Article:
when Tony Stephan lost his wife to bipolar suicide and when he lost his father
in law eight years earlier to bipolar suicide 4 of his 10 children were bipolar
– 2 of them were bipolar shizoaffective with rapid cycle 1. One of them was
violent enough that they were seriously thinking of institutionalizing him
because the younger children were frightened. He was 6 foot 1, 15 years old 210
pounds. When he became manic that literally had to wrestle him to the floor, pry
open his jaws and pour the lithium in and hold him there till things would
start to settle out.
For his daughter, legally she couldn't be left on her own.
She had to be on a 24 hour suicide watch in order to be out of the hospital and
she could not be legally left alone with the baby because when she was manic
she was violent and when she was depressed she was virtually comatose.
Tony married his wife 's best friend 8 months after she died
and he warned her you understand you are marrying into an insane asylum –
literally . ...
So he wound up going back to work and as he became friends
with a co-worker he got talking about his personal situation and of course as
you can imagine as a parent he tried every psychotherapeutic medication known
to mankind. He tried acupuncture, acupressure, megavitamins, herbals, magnetic
mattresses on the beds, magnetic hats with flaps over the ears. Anything that
could possibly keep him from losing any more ?
David Hardy was a retired hog food supplement specialist and
a biochemist. He said you know this sounds an awful lot like what we see in the
hog runs (?). The hogs become hyper irritable and its called ear and tail
biting syndrome. They savage each other and for some years now we have always
gotten control of this by giving them highly bioavailable broad spectrum trace
elements. The hogs aren't human but they are the closest thing to humans
biochemically on this earth. And what else do you have to lose.
To make a long story short, Tony Stephan 's son went symptom
free in January 1996. He started on symptom free shortly after that. The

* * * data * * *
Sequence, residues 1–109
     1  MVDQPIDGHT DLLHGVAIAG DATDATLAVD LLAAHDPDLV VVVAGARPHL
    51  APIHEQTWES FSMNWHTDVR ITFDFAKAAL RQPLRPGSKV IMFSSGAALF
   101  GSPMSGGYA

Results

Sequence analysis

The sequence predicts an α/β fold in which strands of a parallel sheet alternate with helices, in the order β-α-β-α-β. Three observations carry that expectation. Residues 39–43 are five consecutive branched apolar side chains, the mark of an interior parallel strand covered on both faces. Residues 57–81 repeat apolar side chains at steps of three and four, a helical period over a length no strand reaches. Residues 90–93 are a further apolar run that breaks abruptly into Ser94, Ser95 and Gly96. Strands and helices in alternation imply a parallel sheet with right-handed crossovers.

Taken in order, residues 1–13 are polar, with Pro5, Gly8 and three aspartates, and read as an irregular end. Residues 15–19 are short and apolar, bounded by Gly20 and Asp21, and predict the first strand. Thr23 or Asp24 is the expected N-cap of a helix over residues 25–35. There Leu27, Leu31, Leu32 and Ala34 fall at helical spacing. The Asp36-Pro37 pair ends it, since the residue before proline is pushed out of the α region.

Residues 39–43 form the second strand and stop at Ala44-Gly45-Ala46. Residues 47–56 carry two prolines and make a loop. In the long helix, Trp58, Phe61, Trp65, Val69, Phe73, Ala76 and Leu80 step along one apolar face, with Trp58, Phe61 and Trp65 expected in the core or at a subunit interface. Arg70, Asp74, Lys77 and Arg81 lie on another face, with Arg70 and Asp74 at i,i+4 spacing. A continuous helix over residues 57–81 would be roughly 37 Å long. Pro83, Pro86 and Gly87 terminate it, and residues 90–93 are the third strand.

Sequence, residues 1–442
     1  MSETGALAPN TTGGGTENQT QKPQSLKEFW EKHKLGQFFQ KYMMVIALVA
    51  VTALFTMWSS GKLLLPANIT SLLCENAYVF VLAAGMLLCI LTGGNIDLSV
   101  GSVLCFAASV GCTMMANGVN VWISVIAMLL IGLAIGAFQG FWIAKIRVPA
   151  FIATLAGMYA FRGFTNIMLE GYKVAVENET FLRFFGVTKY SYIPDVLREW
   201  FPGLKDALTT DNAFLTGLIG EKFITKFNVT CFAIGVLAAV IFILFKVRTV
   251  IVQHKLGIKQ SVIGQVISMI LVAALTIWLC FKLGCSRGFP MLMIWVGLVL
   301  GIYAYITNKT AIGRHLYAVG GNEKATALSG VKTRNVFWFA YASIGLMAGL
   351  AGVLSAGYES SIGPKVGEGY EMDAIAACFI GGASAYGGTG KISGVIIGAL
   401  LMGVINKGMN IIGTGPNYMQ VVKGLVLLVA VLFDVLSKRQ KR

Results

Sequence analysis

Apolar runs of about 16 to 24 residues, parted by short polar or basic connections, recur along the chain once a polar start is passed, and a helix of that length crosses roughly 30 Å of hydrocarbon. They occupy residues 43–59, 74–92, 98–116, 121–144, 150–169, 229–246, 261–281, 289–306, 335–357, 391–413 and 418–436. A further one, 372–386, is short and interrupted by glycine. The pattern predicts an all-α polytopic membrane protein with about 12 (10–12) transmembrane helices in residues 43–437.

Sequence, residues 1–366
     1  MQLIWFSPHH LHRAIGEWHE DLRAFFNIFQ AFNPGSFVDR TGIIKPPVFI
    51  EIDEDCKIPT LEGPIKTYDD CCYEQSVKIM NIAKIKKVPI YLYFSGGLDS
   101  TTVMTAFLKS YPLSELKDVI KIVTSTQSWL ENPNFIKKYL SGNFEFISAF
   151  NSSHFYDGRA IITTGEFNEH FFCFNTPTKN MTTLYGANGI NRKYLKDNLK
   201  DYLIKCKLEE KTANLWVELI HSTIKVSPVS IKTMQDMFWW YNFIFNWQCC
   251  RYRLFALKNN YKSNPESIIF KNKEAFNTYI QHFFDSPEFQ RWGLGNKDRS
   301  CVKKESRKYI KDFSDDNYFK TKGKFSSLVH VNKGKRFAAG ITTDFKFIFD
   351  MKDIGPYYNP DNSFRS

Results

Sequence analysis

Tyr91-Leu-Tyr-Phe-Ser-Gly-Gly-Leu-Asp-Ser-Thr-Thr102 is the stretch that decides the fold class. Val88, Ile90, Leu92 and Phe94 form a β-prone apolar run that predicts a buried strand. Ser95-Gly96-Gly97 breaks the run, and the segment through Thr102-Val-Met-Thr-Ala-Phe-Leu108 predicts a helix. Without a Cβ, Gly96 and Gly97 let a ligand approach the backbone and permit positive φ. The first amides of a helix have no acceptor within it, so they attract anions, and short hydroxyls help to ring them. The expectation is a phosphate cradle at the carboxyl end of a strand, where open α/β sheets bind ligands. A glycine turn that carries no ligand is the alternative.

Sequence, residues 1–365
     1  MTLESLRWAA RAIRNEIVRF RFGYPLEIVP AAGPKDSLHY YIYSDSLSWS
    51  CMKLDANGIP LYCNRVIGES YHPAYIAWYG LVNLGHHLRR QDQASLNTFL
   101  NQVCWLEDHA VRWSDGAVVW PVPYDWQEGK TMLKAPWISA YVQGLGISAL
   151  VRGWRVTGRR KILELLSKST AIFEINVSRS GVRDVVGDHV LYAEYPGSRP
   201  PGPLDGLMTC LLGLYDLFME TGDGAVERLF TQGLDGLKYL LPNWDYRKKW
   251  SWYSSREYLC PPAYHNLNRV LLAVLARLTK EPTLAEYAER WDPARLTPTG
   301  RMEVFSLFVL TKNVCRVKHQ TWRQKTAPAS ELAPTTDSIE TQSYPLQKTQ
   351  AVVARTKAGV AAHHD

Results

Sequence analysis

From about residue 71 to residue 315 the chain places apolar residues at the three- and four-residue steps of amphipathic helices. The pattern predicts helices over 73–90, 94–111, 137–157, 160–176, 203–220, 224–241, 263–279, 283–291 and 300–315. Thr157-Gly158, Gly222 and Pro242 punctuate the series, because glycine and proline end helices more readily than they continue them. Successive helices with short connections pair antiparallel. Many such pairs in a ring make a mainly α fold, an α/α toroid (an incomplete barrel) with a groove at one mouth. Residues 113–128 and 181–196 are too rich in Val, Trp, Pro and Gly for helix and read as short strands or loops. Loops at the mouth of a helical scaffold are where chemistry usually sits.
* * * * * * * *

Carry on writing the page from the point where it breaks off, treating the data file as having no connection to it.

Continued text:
research began from then and the researchers who took it on from various
universities will go into later. But now to take a look with the situation that
we are currently living with. In the USA today from 1999, schizophrenia no
cure, no solutions, people living in agony inside their heads. People living in
the street. It 's a tough condition to live with.
The costs are staggering. It 's the number two health care
cost in North America right behind cardiovascular disease. And it will be
number one within 2 years. This shows the hospital admission rate for mental
health in Canada 1983-1994. You have to understand that this was the same
period that the hospitals were being closed down and that people were being put
in the street. From 1983 we went from about 11 million admissions that was per
year to up to 15 million 11 years later.
Watch what happens in the US where they were not closing
hospitals and accessibility to medical care is pretty much ?. In a three year
period from 1990 to 1993, they had gone from 1.3 million outpatient visits a
year to 3 years later almost 12 million. That 's just not increased diagnosis.
Things did not change that much over a 3year period. Ritalin production. Every
teachers favourite. ADHD kids. 1990-1993 the same 3 year period 1800 kg, 3
years later almost 5000 kg of Ritalin given to our children.
The only reason that you see a leveling off in 1996/97 is
other medications which have similar biochemical effects to Ritalin have come
on the market and started to take market share but the actual overall use is
still showing this meteoric rise. We see the same explosion in autism, in
irritable bowel disease, and here this is the is the Canadian experience
looking at psychotherapeutics because it doesn't matter if you are in the
hospital or not.
In a 4 year period we 've gone from 1.5 million
psychotherapeutic prescriptions to 2.5 million in 4 years. It is epidemic. If
this were AIDs there would be rioting in the streets. Here in Ontario its no
better. There has been a 15% increase in the cost of treating central nervous
system conditions per year. . . . .. But it 's a silent killer. People either
figure everyone else is the same as I am but if you 've only got one experience and
that 's the one inside your head, everybody else is putting up with the same
thing I am nobody else is complaining so I better not either. That 's what I
did. Nobody else is living like I am so I better not say anything. So people
with panic attacks have got all kinds of coping skills to try and live normal
while they 're in terror with their lives.
I used to have agonizing bowel cramps and this is quite
common for these conditions. So severe that I used to seriously consider this
one of the passing thoughts was how hard to you have to hit yourself on the
head to knock yourself out without having to do it twice and killing yourself?
Now that I have teenage kids and my son particularly is
talking to other kids about his experiences, all of a sudden all these other
kids are saying well yeh that 's the way I 'm feeling. That 's what I 'm going
through. I can't . . . ...either. My stomach is always constantly tied up in knots.
I 'm so depressed I want to end it. When we look at a study done by the World
Health Organization ...at university, shows the same thing. Worldwide, in